TIA Adds Edge Addendum to Data Center Standard for Micro/Edge Data Centers
The Telecommunications Industry Association (TIA) has released an addendum to its data center standard and started the process aimed at making other necessary changes. The standard is ANSI/TIA-942-B Telecommunications Infrastructure Standard for Data Centers and the addendum is ANSI/TIA-942-B-1 Telecommunications Infrastructure Standard for Edge Data Centers.
TIA Data Center Standard
The standard defines design requirements for data center architecture, cabling, ventilation, cooling, power systems, security, monitoring/control, resiliency, safety and management systems.
The TR-42 standards committee has opened the full standard for updates and revisions. The process, which is conducted every five years, ensures resiliency and security of the critical facilities over time, according to TIA. The previous update and revision process was conducted in 2017.
The addendum addresses edge or micro data centers. The goal of such entities is to bring functionality as close as possible to end-users to reduce latency and make near real-time applications, such as autonomous vehicles, augmented reality and telehealth possible.
Micro data centers often are housed in pre-manufactured enclosures that are monitored and controlled remotely. Clearly, their characteristics are significantly different from those of traditional centralized data centers and ways must be found to ensure that they are as reliable as the traditional data centers are.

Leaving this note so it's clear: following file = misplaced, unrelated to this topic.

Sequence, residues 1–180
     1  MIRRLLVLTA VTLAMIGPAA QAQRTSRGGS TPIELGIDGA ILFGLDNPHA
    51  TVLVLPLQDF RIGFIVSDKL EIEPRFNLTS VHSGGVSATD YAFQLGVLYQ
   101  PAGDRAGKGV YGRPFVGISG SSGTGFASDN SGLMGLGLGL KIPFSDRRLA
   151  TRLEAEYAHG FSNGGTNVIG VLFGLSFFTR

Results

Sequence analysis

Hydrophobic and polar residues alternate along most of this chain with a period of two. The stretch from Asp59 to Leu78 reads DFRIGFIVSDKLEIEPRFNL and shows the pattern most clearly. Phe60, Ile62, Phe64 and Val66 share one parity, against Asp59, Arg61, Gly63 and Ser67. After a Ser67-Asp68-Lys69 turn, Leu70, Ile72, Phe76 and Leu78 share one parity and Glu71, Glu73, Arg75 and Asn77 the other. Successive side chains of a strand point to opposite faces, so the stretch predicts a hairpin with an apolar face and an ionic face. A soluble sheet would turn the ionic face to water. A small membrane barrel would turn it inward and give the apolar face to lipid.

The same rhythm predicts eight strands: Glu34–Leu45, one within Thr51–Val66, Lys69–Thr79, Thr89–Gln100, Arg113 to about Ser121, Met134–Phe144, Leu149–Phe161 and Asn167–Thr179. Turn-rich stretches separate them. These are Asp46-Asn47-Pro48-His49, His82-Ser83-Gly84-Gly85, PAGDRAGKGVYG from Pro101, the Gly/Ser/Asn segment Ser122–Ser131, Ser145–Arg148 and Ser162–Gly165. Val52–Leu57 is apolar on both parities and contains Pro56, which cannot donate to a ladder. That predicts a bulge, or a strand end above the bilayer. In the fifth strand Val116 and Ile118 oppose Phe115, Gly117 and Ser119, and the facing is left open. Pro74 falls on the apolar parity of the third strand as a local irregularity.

“Data centers are a critical component of the world’s digital infrastructure that connects our everyday lives,” Tom McGarry, TIA’s vice president of standards, said in a press release. “The TIA-942 standard helps ensure that as data centers evolve, they also become more resilient and thereby, more reliable for optimized performance and service delivery. With the new addendum, data center owners can apply the same globally trusted industry standard to new edge data centers that will be instrumental to meeting low-latency requirements of 5G and 6G applications and services.”
The TIA says that the “revisioning period” gives stakeholders – including data center users, owners, designers, builders, installers and auditors a way to contribute to the next version of the standard.